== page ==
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Adi shankara
Adi Shankaracharya with his four disciples - Padmapadacharya, Sureshwaracharya, Hastamalakacharya and Totakacharya.

Shankaracharya (Sanskrit: शङ्कराचार्य, IAST: Śaṅkarācārya, "Shankara-acharya") is a religious title used by the heads of amnaya monasteries called mathas in the Advaita Vedanta tradition of Hinduism. The title derives from Adi Shankara; teachers from the successive line of teachers retrospectively dated back to him are known as Shankaracharyas.

Establishment of the tradition[edit]

According to a tradition developed in the 16th century, Adi Shankara set up four monasteries known as Mathas or Peethams, in the North, South, East and West of India, to be held by realised men who would be known as Shankaracharyas. They would take on the role of teacher and could be consulted by anyone with sincere queries of a spiritual nature.[1][2] Another monastery Kanchi Kamkoti Peeth in south India also derives its establishment and tradition to Adi Shankara, however its heads are called "Acharya" or "Jagadguru" instead of "Shankaracharya".

The table below gives an overview of the four main Shankaracharya Amnaya Mathas reputedly founded by Adi Shankara, and their details.[3]

Direction Maṭha Mahāvākya Veda Sampradaya Present Shankaracharya
Padmapāda East Puri Govardhanmaṭha Pīṭhaṃ Prajñānam brahma (Consciousness is Brahman) Rig Veda Bhogavala Swami Nischalananda Saraswati
Sureśvara South Sringeri Śārada Pīṭhaṃ Aham brahmāsmi (I am Brahman) Yajur Veda Bhurivala Sri Bharati Tirtha
Hastāmalakācārya West Dvāraka Sharada Pīṭhaṃ Tattvamasi (That thou art) Sama Veda Kitavala Swami Sadanand Saraswati[4]
Toṭakācārya North Badari Jyotirmaṭha Pīṭhaṃ Ayamātmānam brahma (This Atman is Brahman) Atharva Veda Nandavala Swami Avimukteshwaranand Saraswati (contested)/

Swami Vasudevanand Saraswati (disputed)[5]


The word Shankaracharya is composed of two parts, Shankara and Acharya. Acharya is a Sanskrit word meaning "teacher", so Shankaracharya means "teacher of the way of Shankara".

      1. Naad Vansh
    • Naad Vansh** refers to a lineage or tradition that is established through spiritual sound and vibrations. In this context, the term denotes a spiritual family where the Guru, considered the spiritual father (Bapu), passes down teachings and practices related to the spiritual science of sound (Nada) to their disciples (shishyas). This lineage emphasizes the following aspects:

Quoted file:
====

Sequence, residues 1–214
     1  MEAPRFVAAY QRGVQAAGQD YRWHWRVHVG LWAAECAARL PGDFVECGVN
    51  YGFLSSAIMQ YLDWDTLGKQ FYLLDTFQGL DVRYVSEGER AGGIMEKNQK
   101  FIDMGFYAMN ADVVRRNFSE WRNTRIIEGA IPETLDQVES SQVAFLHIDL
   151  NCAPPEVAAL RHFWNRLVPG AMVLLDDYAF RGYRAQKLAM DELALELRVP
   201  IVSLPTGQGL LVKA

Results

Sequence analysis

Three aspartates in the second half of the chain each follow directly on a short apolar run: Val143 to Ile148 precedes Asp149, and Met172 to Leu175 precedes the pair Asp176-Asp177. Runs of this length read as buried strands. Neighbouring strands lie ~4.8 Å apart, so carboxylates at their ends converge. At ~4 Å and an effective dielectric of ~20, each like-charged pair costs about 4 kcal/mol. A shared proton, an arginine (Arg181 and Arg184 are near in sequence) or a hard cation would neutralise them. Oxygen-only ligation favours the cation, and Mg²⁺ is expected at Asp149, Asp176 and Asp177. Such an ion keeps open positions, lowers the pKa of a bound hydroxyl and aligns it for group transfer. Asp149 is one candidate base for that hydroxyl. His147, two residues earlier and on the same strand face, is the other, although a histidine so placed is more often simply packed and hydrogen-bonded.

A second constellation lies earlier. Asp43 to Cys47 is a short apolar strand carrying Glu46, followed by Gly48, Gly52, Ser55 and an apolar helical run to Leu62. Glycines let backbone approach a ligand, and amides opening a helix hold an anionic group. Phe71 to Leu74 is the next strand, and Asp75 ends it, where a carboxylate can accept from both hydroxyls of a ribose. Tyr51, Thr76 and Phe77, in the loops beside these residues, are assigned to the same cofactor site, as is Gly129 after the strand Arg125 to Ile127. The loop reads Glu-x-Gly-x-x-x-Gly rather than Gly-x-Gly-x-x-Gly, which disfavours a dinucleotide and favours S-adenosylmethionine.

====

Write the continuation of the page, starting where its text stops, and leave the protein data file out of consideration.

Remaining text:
- **Spiritual Transmission:** Knowledge and spiritual power are transmitted through the practice of sound and vibration, such as in Nada Yoga or other sound-based spiritual disciplines. - **Guru-Shishya Tradition:** The relationship between Guru and disciple is central, with the Guru being regarded as a spiritual parent who imparts wisdom and guidance. - **Focus on Sound:** Practices might include chanting, mantra recitation, and deep listening to internal and external sounds as a means to achieve spiritual growth and enlightenment.

      1. Bund Vansh
    • Bund Vansh** refers to a lineage established through natural biological means, literally meaning born from sperm. This term contrasts with Naad Vansh, indicating a more conventional familial lineage. Key aspects include:

- **Biological Descent:** Lineage is based on genetic inheritance and traditional family structures. - **Natural Birth:** Emphasizes the physical process of birth and biological continuity. - **Conventional Family Lineage:** Involves the passing down of cultural, social, and possibly spiritual traditions through normal familial relationships and inheritance.

This distinction highlights two different modes of lineage: one rooted in spiritual transmission through sound and the Guru-Shishya relationship (Naad Vansh), and the other based on biological and familial inheritance (Bund Vansh).


Further reading[edit]

  • Mukhyananda, Swami (2006) Sri Shankaracharya: life and philosophy: An elucidative and reconciliatory interpretation, 4th ed.; OCLC 426914596; Kolkata; Advaita Ashrama
  • Esoteric Buddhism by A.P. Sinnett, pp 81 ISBN 1438503652

See also[edit]


  1. ^ Waite, Dennis, 1948- (2010). The book of one : the ancient wisdom of Advaita ([2nd ed.] ed.). Winchester, UK: O Books. ISBN 9781846943478. OCLC 573397586.{{cite book}}: CS1 maint: multiple names: authors list (link) CS1 maint: numeric names: authors list (link)
  2. ^ Barrett, David V. (2001). The new believers : a survey of sects, cults, and alternative religions. Barrett, David V. London: Cassell. ISBN 0304355925. OCLC 44933824.
  3. ^ "Adi Shankara's four Amnaya Peethams". Archived from the original on 26 June 2006. Retrieved 20 August 2006.
  4. ^ "Swami Swaroopanand Saraswati's successors: TWO Shankaracharyas of two different Peeths now - DETAILS here". Zee News. Retrieved 6 May 2023.
  5. ^ "Swami Swaroopanand Saraswati's successors: TWO Shankaracharyas of two different Peeths now - DETAILS here". Zee News. Retrieved 6 May 2023.
  6. ^ Snow, Michael J. (October 2018). Mindful philosophy. Milton Keynes. ISBN 9781546292388. OCLC 1063750429.{{cite book}}: CS1 maint: location missing publisher (link)

External links[edit]